By CAROLINA DEL BUSTO
By AMY NICHOLSON
By Amy Nicholson
By Stephanie Zacharek
By Amy Nicholson
By Alan Scherstuhl
By Stephanie Zacharek
By JOEL BEERS
Movie of the Week:
According to Hollywood buzzards, Danny Boyle’s Slumdog Millionaire (now showing locally) is among the best films of the year. Leave it to the Bay Theater to trot out this druggy little 1996 gem to remind what first got Yanks excited about the English filmmaker—while exposing us to such Brit slang as “scag,” “junkie limbo” and “YOU DOSS CUNT!” Based on Irvine Welsh’s novel of the same name, set in Edinburgh and told through the narration of Ewan McGregor’s character, Trainspotting follows a close-knit collection of friends who seemly have nothing in common other than a shared desire to get as fucked-up as possible. These heroin junkies have decided the idea of growing up, getting married, having kids and acquiring the latest appliances is total shite. Attempted sobriety, chasing the ultimate hit, ultra-violence, unfulfilled sex and death ensue as these blokes’ exploits leave our eyes and mouths wide open, laughing and wincing at the same time. Has there been another film in which Robert Carlyle, who plays merciless thug Francis Begbie, is more menacing? Bay Theater, 340 Main St., Seal Beach, (562) 431-9988; www.baytheater.com. Fri., 10:30 p.m.; Sun., 6 p.m.; Mon., 8 p.m. $8.
The OC Rewind series continues with perhaps the funniest and least reverential holiday film to date, as the 243 profanities scattered throughout Terry Zwigoff’s dark comedy of ’03 propels it ahead of The Muppet Christmas Carol for the title of filthiest Christmas movie ever. Billy Bob Thornton plays an abusive, drunken, foul-mouthed shopping-mall Santa (are there any other kind?) who bounces from town to town with his pint-sized elf helper (Tony Cox) to pull off after-hours heists that fund their pathetic lives for another year. But a portly 8-year-old boy (Brett Kelly) comes along to spoil everything. Cinemafusion, 321 W. Katella, Anaheim, (714) 399-0300; www.cinemafusionanaheim.com. Thurs., Dec. 18, 7 p.m. $7.50.
This film, which came out in limited U.S. release last October, had many critics, including Village Voice Media’s J. Hoberman, concluding it was okay enough, uplifting even, just not among director Mike Leigh’s best. The title refers to the outlook of a London elementary schoolteacher named Poppy (Sally Hawkins, in what some have dubbed an Oscar-worthy performance) who refuses to look at anything other than the bright side no matter what darkness comes her way. Bay Theater, 340 Main St., Seal Beach, (562) 431-9988; www.baytheater.com. Thurs., Dec. 18, 6 & 8:15 p.m. $8.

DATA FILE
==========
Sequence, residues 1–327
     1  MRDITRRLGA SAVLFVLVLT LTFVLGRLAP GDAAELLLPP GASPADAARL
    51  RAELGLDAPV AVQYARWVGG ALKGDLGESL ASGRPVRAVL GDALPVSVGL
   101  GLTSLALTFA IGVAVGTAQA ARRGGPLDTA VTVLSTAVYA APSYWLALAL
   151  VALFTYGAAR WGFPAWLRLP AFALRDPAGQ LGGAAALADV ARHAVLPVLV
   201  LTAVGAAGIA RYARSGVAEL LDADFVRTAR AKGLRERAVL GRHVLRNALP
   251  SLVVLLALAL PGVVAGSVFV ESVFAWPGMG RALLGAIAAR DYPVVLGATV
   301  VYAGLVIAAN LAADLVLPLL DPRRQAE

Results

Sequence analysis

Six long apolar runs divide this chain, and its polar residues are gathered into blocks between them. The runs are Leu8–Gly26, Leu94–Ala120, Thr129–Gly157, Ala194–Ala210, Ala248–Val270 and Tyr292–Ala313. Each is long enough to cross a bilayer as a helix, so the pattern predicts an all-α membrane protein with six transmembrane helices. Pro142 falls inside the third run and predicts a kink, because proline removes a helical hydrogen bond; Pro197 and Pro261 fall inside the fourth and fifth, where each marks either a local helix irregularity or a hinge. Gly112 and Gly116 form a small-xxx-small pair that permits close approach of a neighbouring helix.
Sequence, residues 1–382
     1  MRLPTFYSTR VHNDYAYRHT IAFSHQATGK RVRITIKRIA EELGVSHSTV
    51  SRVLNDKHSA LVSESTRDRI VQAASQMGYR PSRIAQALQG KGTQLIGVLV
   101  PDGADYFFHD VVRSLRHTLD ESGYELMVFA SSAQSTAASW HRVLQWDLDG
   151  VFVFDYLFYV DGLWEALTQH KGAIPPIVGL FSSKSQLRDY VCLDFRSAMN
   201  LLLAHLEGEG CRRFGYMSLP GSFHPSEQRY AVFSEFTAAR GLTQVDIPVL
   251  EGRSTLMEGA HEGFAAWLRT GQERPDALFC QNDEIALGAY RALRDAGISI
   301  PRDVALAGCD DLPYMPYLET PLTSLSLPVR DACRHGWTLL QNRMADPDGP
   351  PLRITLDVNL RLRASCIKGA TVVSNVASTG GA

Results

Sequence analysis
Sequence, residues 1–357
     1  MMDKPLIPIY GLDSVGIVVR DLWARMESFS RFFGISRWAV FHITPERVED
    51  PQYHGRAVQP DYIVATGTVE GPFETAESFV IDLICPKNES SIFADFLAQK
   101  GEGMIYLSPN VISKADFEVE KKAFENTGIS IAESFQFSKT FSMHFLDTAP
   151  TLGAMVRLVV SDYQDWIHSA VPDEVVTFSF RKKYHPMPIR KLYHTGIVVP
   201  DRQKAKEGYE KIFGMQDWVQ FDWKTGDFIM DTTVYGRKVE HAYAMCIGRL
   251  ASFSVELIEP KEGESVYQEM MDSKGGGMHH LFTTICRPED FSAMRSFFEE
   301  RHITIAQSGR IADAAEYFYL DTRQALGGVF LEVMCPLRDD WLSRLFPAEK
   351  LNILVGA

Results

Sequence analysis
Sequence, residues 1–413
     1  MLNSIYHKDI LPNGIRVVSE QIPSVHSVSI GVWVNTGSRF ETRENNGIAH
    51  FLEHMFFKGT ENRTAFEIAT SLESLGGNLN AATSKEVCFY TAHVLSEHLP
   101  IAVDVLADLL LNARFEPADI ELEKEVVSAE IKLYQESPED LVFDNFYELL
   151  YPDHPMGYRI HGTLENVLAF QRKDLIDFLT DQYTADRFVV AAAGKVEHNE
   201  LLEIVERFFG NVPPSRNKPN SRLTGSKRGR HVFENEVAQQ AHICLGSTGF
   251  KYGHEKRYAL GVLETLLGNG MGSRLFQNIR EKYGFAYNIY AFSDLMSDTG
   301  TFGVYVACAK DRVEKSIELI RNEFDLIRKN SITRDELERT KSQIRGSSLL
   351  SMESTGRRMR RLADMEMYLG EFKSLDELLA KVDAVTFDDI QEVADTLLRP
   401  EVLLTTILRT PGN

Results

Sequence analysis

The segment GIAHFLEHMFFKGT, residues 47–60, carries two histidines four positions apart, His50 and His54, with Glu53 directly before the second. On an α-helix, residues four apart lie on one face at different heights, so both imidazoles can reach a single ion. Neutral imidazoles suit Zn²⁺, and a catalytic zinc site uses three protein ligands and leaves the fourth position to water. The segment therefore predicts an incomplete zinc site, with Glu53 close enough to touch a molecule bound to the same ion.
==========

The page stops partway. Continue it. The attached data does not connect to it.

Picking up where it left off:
It’s a Wonderful Life
This will probably disqualify me for life from ever writing this column again, but I’d never caught this 1946 Frank Capra classic until I was well into my 30s, when a co-worker, incredulous that I’d never seen it, brought me a copy and demanded I report to him the next day to prove I’d actually watched it. Which I did, but I think the guy was disappointed because he thought it would change my life or something. A small-town banker (Jimmy Stewart) is about to jump off a bridge when his guardian angel arrives to show him what will happen to his family and neighbors if he takes the plunge. It’s fine, although I’m more partial to Meet John Doe. Look for my byline over the lost-pets column next week. Regency Lido Theatre, 3459 Via Lido, Newport Beach, (949) 673-8350; www.regencymovies.com. Fri.-Wed., 7 p.m. $7-$9.50.
Laguna Beach Film Society presents the 2007 Cannes Camera d’Or winner about the lives of four very different women intersecting to paint an unlikely portrait of modern Israeli life. “Co-directed by the best-selling Israeli writer Etgar Keret and his wife, dramatist/director Shira Geffen, Jellyfish regards its essentially lonely characters with a gaze both tender and lethal,” writes Hoberman. “An Israeli movie with neither politics nor religion—and only one casual, if fraught, mention of the Holocaust—Jellyfish bespeaks an underlying desire for normality that’s as poignant and fantastic as Keret and Geffen’s modest, shabby Tel Aviv settings.” South Coast Cinema, 162 S. Coast Hwy., Laguna Beach, (949) 494-9799. Thurs., Dec. 18, 7 p.m. $15. (For $5 more, join a pre-screening potluck dinner with wine at 6 p.m. in the Wells Fargo Community Room, 260 Ocean Ave., Laguna Beach.)
Mail your press releases (and a videotape or disc, if available) to Special Screenings, OC Weekly, 1666 N. Main St., Ste. 500, Santa Ana, CA 92701-7417. Or send e-mail to email@example.com. All materials must be received at least two weeks before the screening.
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